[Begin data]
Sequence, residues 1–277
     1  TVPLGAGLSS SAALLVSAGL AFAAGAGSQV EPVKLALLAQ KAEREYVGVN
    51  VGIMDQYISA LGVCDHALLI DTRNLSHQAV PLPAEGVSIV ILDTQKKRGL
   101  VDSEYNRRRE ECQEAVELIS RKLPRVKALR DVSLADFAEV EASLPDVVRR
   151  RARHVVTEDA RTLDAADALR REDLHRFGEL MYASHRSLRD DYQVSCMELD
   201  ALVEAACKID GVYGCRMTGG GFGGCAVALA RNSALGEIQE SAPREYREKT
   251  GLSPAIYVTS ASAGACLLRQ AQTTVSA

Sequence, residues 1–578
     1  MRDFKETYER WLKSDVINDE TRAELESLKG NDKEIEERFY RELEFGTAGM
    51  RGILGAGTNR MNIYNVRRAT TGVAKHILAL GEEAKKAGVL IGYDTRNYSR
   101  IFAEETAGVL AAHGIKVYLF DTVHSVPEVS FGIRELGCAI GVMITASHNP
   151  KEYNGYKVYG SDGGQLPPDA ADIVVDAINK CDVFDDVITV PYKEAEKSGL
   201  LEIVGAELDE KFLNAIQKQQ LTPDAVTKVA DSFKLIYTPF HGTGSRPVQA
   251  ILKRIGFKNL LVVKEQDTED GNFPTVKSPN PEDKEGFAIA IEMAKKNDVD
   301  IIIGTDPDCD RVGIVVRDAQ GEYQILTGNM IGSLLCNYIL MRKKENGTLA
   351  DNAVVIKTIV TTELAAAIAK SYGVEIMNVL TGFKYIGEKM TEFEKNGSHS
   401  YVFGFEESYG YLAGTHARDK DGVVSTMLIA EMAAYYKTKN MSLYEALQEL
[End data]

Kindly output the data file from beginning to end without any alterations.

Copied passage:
Sequence, residues 1–277
     1  TVPLGAGLSS SAALLVSAGL AFAAGAGSQV EPVKLALLAQ KAEREYVGVN
    51  VGIMDQYISA LGVCDHALLI DTRNLSHQAV PLPAEGVSIV ILDTQKKRGL
   101  VDSEYNRRRE ECQEAVELIS RKLPRVKALR DVSLADFAEV EASLPDVVRR
   151  RARHVVTEDA RTLDAADALR REDLHRFGEL MYASHRSLRD DYQVSCMELD
   201  ALVEAACKID GVYGCRMTGG GFGGCAVALA RNSALGEIQE SAPREYREKT
   251  GLSPAIYVTS ASAGACLLRQ AQTTVSA

Sequence, residues 1–578
     1  MRDFKETYER WLKSDVINDE TRAELESLKG NDKEIEERFY RELEFGTAGM
    51  RGILGAGTNR MNIYNVRRAT TGVAKHILAL GEEAKKAGVL IGYDTRNYSR
   101  IFAEETAGVL AAHGIKVYLF DTVHSVPEVS FGIRELGCAI GVMITASHNP
   151  KEYNGYKVYG SDGGQLPPDA ADIVVDAINK CDVFDDVITV PYKEAEKSGL
   201  LEIVGAELDE KFLNAIQKQQ LTPDAVTKVA DSFKLIYTPF HGTGSRPVQA
   251  ILKRIGFKNL LVVKEQDTED GNFPTVKSPN PEDKEGFAIA IEMAKKNDVD
   301  IIIGTDPDCD RVGIVVRDAQ GEYQILTGNM IGSLLCNYIL MRKKENGTLA
   351  DNAVVIKTIV TTELAAAIAK SYGVEIMNVL TGFKYIGEKM TEFEKNGSHS
   401  YVFGFEESYG YLAGTHARDK DGVVSTMLIA EMAAYYKTKN MSLYEALQEL